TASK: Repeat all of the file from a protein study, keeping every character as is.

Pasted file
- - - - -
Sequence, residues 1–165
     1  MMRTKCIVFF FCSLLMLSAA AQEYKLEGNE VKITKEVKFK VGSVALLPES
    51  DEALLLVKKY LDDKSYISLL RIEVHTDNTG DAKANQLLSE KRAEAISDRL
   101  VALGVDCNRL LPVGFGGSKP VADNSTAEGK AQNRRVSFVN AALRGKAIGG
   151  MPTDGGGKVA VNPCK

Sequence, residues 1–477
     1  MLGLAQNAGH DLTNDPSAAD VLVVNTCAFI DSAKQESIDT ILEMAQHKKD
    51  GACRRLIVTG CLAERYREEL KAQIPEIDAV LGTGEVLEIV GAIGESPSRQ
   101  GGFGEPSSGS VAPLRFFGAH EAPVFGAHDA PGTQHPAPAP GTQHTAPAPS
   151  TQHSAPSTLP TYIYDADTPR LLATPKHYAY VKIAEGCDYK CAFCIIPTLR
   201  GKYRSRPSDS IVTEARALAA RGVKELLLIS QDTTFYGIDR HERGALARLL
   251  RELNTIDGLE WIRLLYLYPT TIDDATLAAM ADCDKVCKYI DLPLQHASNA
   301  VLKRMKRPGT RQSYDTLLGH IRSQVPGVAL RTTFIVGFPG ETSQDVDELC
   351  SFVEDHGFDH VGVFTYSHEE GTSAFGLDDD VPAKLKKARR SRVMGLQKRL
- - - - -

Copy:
Sequence, residues 1–165
     1  MMRTKCIVFF FCSLLMLSAA AQEYKLEGNE VKITKEVKFK VGSVALLPES
    51  DEALLLVKKY LDDKSYISLL RIEVHTDNTG DAKANQLLSE KRAEAISDRL
   101  VALGVDCNRL LPVGFGGSKP VADNSTAEGK AQNRRVSFVN AALRGKAIGG
   151  MPTDGGGKVA VNPCK

Sequence, residues 1–477
     1  MLGLAQNAGH DLTNDPSAAD VLVVNTCAFI DSAKQESIDT ILEMAQHKKD
    51  GACRRLIVTG CLAERYREEL KAQIPEIDAV LGTGEVLEIV GAIGESPSRQ
   101  GGFGEPSSGS VAPLRFFGAH EAPVFGAHDA PGTQHPAPAP GTQHTAPAPS
   151  TQHSAPSTLP TYIYDADTPR LLATPKHYAY VKIAEGCDYK CAFCIIPTLR
   201  GKYRSRPSDS IVTEARALAA RGVKELLLIS QDTTFYGIDR HERGALARLL
   251  RELNTIDGLE WIRLLYLYPT TIDDATLAAM ADCDKVCKYI DLPLQHASNA
   301  VLKRMKRPGT RQSYDTLLGH IRSQVPGVAL RTTFIVGFPG ETSQDVDELC
   351  SFVEDHGFDH VGVFTYSHEE GTSAFGLDDD VPAKLKKARR SRVMGLQKRL